WELL HEY, Mr Google. Happy Birthday. You're 20? And your younger inbred cousin Android is 10 this week as well? Well, that is cause for celebration, isn't it?
Obviously, we're delighted that what started as an alternative to Lycos has turned into the multi-multi-billion dollar mega-corp it is today. It keeps us in work for a start.
But let's face it - it's not all been plain sailing, has it? So let the others do the potted history of Google cribbed from Wikipedia. We're going to roast it with ten of their "best" crashed projects.
Here's to another two decades of ‘em!
10. Android Honeycomb
By the time we got to Gingerbread, it was quite clear that what Google really needed for the horrendously fragmented operating system, was to fragment it even more. Enter Honeycomb, a version of the OS designed specifically for tablets.
The motive was good, but it was avoiding the real issue, that of Android apps not scaling properly to the many different screen sizes on offer by that point.
It ran on the Motorola Xoom and not much else.
Both Picasa and Picnik were photo editors acquired and absorbed into the Googletron. Picasa survived as a standalone editor and offline photo manager long after Google+ and later Google Photos reflected the desire to move all its products online.
Alas, in the end, it too was given its marching orders. Its functionality survives, but as a web-based service with the Google Photos name. But we rather liked ol' Picasa, it was a simpler time.
8. Google Talk
Before Google had nine different chat apps, there was Google Talk. It was simple and it worked. What's more, because it was an XMPP-based service, you could chat with people on other chat platforms. Imagine that! If WhatsApp and Facebook Messenger could work together and people could chat to BBM users, world peace would probably have been established by now.
Either that or the BBM users would have kicked the living heck out of the Hangouts users in the London Riots.
7. Google Wave
Nobody knew what it did. Nobody. It made no sense. Even Googlers struggled to explain how this sort of collaboration-come-social network actually worked.
It was ahead of its time, that's for certain. We're still not sure what that time was, exactly, but it was ahead of it.
The big problem was that Google borked up the staged rollout of the product, trying to make it appeal to consumers. There was a huge wait, with invite codes going for silly money on eBay.
Trouble is, to make a social network or a collaboration platform, you need people. By stopping people using it, nobody got the chance to work out what it did, and in these pre-GSuite days, there weren't enough invites to get companies (who might have made it work) all on together.
It still exists as Apache Wave. No, wait. They couldn't work out how it worked either. It was retired at the start of 2018. Who knew?
The idea of a personalised portal page for the internet has always been appealing to people, but nobody has ever really got one right. Apart from anything else, if you use Google to search, Amazon to buy and Microsoft to collaborate, you're going to be screwed by anything owned by one of the major players.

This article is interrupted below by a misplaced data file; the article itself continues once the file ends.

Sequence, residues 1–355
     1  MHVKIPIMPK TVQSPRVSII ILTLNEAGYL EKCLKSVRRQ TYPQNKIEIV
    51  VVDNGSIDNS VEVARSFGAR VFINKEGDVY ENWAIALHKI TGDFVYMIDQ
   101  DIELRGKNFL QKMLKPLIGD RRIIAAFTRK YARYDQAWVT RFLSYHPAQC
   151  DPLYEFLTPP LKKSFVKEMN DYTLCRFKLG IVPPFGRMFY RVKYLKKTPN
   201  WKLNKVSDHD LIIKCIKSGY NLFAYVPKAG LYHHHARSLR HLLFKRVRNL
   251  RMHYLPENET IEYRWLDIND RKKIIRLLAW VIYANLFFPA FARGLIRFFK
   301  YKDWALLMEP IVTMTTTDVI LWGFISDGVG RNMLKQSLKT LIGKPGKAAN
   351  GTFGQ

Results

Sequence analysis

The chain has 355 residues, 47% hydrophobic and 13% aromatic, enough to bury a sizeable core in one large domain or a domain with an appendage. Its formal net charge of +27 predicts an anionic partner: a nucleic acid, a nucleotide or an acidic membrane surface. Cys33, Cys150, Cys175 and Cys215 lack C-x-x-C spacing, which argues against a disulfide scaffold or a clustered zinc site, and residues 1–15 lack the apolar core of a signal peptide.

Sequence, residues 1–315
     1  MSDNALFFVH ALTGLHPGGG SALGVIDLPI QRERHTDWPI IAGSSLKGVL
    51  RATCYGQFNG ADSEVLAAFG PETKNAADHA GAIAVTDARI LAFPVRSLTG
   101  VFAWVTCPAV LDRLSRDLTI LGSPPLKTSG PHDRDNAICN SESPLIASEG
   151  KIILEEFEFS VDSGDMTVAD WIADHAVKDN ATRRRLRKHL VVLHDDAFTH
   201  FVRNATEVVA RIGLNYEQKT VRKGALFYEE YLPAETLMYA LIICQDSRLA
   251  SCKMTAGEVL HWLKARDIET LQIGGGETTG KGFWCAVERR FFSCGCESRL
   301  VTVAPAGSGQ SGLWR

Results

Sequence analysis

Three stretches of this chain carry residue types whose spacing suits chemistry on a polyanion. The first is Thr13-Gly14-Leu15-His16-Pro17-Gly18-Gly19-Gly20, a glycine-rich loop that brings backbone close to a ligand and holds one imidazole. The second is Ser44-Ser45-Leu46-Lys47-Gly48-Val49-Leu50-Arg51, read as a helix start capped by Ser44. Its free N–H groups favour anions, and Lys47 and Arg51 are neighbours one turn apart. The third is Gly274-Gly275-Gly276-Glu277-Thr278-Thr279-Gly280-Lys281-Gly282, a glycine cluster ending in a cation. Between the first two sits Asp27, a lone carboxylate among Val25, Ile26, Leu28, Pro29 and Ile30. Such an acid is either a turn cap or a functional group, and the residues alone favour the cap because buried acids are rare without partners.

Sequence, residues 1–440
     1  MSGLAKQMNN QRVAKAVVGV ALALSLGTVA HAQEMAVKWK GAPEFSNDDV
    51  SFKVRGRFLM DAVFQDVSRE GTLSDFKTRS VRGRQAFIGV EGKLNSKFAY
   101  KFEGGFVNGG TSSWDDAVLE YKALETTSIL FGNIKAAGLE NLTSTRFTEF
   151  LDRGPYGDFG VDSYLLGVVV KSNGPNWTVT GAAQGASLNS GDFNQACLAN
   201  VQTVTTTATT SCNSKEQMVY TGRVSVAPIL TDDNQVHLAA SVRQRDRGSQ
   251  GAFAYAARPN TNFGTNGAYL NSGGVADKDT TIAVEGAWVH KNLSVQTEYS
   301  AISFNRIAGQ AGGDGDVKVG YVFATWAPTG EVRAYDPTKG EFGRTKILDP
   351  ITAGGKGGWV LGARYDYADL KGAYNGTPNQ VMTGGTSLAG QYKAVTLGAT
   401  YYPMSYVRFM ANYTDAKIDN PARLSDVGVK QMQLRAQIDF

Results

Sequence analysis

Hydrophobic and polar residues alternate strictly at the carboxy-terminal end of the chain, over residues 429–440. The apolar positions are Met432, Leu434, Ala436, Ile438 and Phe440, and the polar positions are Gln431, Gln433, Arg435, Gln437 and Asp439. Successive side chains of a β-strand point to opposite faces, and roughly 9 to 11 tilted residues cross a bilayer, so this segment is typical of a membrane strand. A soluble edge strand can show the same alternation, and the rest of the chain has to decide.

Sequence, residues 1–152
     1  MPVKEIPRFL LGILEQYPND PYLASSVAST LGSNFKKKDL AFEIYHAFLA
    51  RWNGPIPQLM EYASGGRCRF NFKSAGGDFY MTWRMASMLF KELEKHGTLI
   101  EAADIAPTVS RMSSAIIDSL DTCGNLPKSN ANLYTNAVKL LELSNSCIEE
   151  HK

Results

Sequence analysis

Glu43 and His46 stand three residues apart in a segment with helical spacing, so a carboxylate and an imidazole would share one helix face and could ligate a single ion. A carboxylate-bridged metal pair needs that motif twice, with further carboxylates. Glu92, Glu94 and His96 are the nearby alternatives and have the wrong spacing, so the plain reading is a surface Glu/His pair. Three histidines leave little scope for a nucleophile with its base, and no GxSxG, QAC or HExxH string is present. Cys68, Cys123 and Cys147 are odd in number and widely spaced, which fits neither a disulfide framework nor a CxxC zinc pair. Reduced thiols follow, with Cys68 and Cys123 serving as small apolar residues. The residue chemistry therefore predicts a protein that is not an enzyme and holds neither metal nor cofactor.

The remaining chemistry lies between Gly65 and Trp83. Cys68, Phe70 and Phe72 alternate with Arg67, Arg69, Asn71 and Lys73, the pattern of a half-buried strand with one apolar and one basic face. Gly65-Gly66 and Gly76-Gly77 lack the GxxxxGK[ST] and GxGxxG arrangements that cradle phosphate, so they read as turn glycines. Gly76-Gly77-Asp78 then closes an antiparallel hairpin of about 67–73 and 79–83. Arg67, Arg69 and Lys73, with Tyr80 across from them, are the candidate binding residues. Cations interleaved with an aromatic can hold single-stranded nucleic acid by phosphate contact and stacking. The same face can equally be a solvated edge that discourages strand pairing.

Plus, they were always an absolute ballache to set up in the first place.
iGoogle got gone.
5. Google Checkout… no, wait… Google Wallet…. no, wait…. Android Pay
Google's attempts at online payments did not start well and quite often the market overtook them, hence multiple rebrands. We did consider an office pool over what they'd call it if Google Pay failed, but it seems to be doing alright, so far.
Believe it or not, Orkut was probably Google's most successful social network. Because that's what it was - a proper social network.
Never heard of it? You're probably not Brazilian. It was ruddy huge there. But it didn't have Google branding so eventually it had to go.
3. Google Latitude
A separate app to Google Maps that let friends see where their friends were in real-time. At the time, it seemed revolutionary, but if someone came up with it in these enlightened times, there'd be a complete privacy freakout.
It was basically a stalking app for your friends. Though it was handy to see when your mate was on his journey down in the car, on a day to day basis, more than a few affairs and other dodgy doings were uncovered.
These days, there's a paired down version in Google Maps. It has to be triggered by both parties for a set period after which it's switched off. Kind of like it should have been all along.
2. Google Buzz
The social network that never was. Buzz was designed as an extra ‘layer' of Google that would allow interaction and sharing.
Thing was, some bright spark thought it would be a good wheeze to take on Facebook, creating an instant network by signing people up and friending them overnight from their existing accounts. Millions of them.
Of course, the privacy outcry was spectacular and Google soon had to backtrack, creating opt-outs. But the damage was done. Google Buzz died, making way later for Google+. Which is almost as crap.
1. Google Reader
This is probably the single most missed Google product of them all. The RSS reader was ridiculously simple, but it worked, and it worked in a unique way that no one (bar perhaps spiritual successor Feedly) has ever emulated.
For Google, it was small potatoes, not worth the maintenance. It also detracted from plans for curated news feeds, much like the Google App offers today.
But there was an outcry when the decision was announced to ditch it. Google ignored it.
Well, that's our ten but there are nearly 100 failed or retired products in the Google archive, so feel free to debate it further amongst yourselves. And Happy Birthday Google. Now bring back Google Reader ya miserable so-and-sos.
Google Updates returns next week. μ
Looks like someone pressed the wrong button on the routing machine
Half-Life 3 VR anyone
Whilst some old favourites graduate to the main browser